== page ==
In April 2016, a group of prominent global theologians, priests and bishops publicly called for the doctrinal office to adopt a new process for theological investigations that would be marked by openness instead of secrecy.
Benedict, who had led the doctrinal congregation from 1981 to 2005 as Cardinal Joseph Ratzinger, was known as firm advocate of theological investigations. Under his leadership, the congregation took a decidedly proactive stance in defining church teaching and in criticizing or warning theologians.
Among theologians formally criticized during Ratzinger's tenure at the office were: Sri Lankan Oblate Fr. Tissa Balasuriya, Australian Sacred Heart Fr. Paul Collins, Indian Jesuit Fr. Anthony de Mello, Belgian Jesuit Fr. Jacques Dupuis, and U.S. Jesuit Fr. Roger Haight.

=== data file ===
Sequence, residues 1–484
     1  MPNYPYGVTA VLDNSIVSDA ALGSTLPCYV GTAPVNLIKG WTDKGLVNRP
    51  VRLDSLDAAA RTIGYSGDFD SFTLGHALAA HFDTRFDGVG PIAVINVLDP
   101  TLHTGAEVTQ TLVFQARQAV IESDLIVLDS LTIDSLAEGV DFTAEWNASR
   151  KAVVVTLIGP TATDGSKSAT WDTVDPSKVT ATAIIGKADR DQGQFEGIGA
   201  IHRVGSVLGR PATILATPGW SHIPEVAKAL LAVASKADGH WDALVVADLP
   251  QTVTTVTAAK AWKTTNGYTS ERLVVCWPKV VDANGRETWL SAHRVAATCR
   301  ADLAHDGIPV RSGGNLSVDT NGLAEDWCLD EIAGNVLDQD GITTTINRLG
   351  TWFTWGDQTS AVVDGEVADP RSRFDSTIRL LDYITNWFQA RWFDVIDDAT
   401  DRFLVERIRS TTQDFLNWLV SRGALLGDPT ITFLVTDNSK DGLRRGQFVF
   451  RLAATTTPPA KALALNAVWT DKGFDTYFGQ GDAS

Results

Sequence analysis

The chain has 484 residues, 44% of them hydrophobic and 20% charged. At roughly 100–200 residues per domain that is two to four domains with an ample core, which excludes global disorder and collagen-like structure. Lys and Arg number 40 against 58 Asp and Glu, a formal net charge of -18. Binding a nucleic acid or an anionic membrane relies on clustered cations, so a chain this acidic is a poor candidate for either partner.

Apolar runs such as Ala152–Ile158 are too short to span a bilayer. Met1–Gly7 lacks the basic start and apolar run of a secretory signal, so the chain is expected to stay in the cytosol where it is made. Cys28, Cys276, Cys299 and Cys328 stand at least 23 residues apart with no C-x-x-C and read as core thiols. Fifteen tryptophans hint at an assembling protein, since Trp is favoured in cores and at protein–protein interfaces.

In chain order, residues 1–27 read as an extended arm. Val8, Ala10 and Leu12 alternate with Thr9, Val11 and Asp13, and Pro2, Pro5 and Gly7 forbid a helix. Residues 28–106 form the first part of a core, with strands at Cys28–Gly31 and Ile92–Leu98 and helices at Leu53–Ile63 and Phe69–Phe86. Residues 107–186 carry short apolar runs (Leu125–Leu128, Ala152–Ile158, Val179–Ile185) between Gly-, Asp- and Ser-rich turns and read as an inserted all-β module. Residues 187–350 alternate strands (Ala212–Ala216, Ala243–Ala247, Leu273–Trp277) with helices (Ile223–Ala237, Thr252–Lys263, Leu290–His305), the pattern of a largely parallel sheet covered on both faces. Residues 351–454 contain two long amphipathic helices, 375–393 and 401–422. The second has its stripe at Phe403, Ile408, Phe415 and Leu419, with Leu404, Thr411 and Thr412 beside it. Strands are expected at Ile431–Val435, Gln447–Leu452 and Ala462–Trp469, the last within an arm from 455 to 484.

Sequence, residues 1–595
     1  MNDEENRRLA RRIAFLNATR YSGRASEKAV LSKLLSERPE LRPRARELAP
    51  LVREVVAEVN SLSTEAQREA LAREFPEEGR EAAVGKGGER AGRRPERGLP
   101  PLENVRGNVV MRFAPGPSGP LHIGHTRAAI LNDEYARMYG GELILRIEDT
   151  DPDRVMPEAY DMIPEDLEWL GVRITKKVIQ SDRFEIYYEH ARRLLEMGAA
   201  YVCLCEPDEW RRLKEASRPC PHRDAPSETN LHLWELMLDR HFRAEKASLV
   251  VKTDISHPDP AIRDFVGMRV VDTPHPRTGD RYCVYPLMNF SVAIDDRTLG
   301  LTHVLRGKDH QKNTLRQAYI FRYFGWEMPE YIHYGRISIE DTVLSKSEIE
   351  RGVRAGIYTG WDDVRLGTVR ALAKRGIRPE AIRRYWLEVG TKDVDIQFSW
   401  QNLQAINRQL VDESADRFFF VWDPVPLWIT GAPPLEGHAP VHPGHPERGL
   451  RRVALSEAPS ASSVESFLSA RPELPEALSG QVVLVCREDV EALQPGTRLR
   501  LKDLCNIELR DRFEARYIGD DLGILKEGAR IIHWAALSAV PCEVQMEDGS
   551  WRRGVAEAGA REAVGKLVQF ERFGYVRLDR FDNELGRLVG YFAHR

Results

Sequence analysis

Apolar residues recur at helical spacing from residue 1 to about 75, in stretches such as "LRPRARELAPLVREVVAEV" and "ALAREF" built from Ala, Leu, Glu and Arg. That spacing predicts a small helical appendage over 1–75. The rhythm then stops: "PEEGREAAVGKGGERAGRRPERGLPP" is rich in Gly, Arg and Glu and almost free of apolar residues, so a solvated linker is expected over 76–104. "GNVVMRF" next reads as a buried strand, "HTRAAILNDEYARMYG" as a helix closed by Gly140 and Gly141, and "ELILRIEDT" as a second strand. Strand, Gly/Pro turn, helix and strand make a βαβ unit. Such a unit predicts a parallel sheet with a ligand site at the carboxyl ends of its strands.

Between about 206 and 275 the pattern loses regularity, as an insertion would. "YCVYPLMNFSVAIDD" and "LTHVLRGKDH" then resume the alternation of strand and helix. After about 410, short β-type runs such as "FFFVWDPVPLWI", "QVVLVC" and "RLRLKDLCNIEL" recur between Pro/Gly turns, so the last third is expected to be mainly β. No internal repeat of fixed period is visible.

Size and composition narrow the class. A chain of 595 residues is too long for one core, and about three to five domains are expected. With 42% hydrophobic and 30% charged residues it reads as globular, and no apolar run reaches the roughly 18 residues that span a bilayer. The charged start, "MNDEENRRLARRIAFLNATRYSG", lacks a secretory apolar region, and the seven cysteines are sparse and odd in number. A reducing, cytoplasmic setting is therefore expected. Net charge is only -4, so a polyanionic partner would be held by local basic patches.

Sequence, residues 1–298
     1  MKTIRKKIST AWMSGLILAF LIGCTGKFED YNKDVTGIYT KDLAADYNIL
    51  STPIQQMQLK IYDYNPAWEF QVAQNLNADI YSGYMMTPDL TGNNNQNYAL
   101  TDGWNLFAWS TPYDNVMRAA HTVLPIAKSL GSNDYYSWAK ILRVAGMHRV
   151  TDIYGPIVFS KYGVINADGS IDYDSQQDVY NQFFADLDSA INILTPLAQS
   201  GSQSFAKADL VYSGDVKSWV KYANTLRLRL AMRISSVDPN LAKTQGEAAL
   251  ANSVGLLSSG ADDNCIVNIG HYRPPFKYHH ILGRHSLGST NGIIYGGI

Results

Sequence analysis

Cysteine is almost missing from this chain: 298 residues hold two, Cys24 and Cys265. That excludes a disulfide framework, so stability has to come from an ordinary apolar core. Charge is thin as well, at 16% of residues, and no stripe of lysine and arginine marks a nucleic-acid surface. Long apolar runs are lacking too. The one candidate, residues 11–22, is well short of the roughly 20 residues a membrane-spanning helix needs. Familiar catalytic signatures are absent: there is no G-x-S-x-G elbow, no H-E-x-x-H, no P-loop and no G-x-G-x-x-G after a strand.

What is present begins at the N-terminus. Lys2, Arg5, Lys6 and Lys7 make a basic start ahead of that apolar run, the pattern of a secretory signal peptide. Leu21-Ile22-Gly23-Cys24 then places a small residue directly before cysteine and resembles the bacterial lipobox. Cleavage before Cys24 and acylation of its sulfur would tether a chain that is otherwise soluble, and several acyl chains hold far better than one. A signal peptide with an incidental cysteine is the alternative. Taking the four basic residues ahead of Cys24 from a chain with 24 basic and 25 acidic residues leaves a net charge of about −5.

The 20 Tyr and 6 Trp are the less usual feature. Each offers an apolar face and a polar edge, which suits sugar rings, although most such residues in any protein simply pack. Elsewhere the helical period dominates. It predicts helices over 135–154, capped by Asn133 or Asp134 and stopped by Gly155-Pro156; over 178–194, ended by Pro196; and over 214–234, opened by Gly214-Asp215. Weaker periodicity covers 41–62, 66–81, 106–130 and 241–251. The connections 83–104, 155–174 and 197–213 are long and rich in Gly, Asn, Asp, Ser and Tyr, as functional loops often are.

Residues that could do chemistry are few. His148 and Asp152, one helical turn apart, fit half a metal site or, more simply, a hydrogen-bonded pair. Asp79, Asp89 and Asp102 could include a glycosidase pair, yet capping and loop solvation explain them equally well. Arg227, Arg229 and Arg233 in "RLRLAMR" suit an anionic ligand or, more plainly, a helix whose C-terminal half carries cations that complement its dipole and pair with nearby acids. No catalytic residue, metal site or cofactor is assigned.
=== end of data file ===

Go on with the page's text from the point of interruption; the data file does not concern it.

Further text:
Flannery detailed his ordeal with the doctrinal congregation in his 2013 book A Question of Conscience. He said he was told to publicly revise some of the views expressed in his columns for Reality magazine or risk suspension of his ability to minister.
The priest maintained silence about the investigation, as requested, for a year, until revealing publicly in January 2013 that he was facing the threat of excommunication. While Flannery offered the doctrinal congregation a statement of clarification of his views, they requested that he also publish a statement that women would never be ordained as priests.
The priest refused the latter request and has been formally barred from ministry since.